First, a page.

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Once upon a time, story telling was my job.

I mean I actually got paid to tell stories (among other things). For over a decade, I worked for a non-profit organization as its education director. What that really meant is that I visited public and private schools and presented programs to help middle and high school students make smart, healthy life decisions.  

Since I had teacher training with my bachelor’s degree in education and a bit of an “I always wanted to be an actress” complex, I found that telling a really good story in a theatrical way was the perfect method to capture and keep students’ focus.  

I could have stood in front of the classroom spouting off facts and figures and do’s and don’ts but soon would have been looking at glassy-eyed zoned out kids who couldn’t give two figs about the subject matter.

But tell a good story – one that had me moving around the room, using different inflections in my voice, reeling them in with my words, leading up to suspense, and sometimes even startling them a bit…now that got their attention and kept it.

I’m sure they wondered just what is that crazy lady going to do next? I worked hard to keep my presentation full of surprises.

As cool as teenagers try to pretend to be, they truly do not outgrow listening to stories. One of the best kudos I ever received from my story-telling days was when a teacher informed me that a student, in her graduation speech, mentioned a tale told by me to those in her senior class back when when they were 8th graders.  The teacher said all the students laughed at the mention of it and better yet, they remembered the story.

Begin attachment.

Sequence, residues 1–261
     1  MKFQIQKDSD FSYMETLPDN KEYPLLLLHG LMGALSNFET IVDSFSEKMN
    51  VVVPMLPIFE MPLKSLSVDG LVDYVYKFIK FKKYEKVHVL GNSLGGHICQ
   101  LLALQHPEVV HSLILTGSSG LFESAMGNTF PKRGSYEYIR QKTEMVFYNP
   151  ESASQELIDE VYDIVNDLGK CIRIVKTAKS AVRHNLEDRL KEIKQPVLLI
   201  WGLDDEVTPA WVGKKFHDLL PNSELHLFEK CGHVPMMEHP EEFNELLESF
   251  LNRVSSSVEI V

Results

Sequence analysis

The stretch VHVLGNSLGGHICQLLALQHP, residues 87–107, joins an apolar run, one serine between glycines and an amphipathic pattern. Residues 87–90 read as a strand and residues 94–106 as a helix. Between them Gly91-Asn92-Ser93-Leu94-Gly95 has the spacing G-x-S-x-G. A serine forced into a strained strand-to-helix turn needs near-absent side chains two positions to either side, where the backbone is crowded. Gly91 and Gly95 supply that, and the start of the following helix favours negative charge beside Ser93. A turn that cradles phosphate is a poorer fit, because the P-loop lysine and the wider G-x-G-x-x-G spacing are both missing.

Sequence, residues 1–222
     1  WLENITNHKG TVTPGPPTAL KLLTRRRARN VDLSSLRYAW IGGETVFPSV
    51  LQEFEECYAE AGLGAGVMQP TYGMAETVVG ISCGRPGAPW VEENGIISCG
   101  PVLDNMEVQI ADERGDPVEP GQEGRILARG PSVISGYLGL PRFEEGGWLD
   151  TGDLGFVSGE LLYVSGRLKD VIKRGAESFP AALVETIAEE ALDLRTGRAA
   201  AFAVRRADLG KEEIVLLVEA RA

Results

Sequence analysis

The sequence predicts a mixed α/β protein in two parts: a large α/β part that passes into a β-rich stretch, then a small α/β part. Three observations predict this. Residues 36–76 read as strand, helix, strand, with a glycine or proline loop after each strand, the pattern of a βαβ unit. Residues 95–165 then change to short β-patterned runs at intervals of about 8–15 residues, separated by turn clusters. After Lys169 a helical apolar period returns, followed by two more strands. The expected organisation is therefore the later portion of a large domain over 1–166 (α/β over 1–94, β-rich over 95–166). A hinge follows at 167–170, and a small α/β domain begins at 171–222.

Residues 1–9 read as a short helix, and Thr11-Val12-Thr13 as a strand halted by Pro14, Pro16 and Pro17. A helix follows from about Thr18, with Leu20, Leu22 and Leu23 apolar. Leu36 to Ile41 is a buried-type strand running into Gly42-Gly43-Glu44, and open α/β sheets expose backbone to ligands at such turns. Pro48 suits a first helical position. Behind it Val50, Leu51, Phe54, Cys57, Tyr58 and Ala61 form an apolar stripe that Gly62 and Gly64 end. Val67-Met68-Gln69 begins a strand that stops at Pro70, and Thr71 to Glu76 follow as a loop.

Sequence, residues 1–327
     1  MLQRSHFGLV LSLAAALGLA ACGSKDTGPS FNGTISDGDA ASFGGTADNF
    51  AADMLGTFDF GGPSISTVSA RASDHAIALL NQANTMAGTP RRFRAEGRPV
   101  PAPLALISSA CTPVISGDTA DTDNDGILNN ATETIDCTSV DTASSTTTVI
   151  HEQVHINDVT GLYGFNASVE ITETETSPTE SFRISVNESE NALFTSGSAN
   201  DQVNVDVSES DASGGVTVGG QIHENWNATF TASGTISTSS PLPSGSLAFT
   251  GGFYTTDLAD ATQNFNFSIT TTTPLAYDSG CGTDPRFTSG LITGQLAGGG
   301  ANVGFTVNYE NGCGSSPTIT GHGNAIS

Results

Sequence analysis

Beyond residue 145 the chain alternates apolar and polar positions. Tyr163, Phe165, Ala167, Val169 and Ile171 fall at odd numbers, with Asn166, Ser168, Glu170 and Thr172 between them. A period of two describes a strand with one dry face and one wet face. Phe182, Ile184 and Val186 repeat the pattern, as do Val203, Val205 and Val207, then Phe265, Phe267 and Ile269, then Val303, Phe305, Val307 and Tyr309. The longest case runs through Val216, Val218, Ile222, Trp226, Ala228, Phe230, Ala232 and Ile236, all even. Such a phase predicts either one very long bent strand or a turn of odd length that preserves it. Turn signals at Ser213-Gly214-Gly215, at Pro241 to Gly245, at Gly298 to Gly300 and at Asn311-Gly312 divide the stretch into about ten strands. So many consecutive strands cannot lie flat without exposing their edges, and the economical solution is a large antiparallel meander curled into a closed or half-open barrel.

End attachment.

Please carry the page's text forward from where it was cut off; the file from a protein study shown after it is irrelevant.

But really, who among us, young or old, doesn’t love a good story?

It’s why authors sell thousands or perhaps even millions of books. It’s why country music song writers and those who perform their songs have number one hits. It’s why script writers, actors, directors, and producers find themselves with a big box office sensation.

Behind it all is a good story.

And the old adage “a picture is worth a thousand words” is just another way of telling a story without words. For the visual learners and thinkers like me, it’s a bonanza.

So this week’s photo challenge just happens to be “story.”

The challenge part was choosing which photos to personify the theme, but I finally decided upon the slideshow above which I hope conveys a story.

And for the next several posts, I’m going to tell you some stories with the added bonus of accompanying photos. 

The stories are real. I hope you find them interesting enough to keep reading them.

And I also hope I’m still a good storyteller. 

“Be unpredictable, be real, be interesting. Tell a good story.” ~ James Dashner


17 responses

  1. Pingback: Story – If Chairs Could Talk – What's (in) the picture?

  2. I LOVE this post!! You’re exactly right about teenagers loving to hear stories- one day, in my AP Literature class, our teacher said, “We’re going to do an essay and then I’ve got something to read to you. We’ll have storytime.” We all cheered. Judging by how well-written and engaging your blog posts are, I’m sure you were an amazing storyteller then, too!

    This post inspired me- I’m going to write a post today about why storytelling is so important to me and why I love it. Thank you for the inspiration!!

    Liked by 1 person

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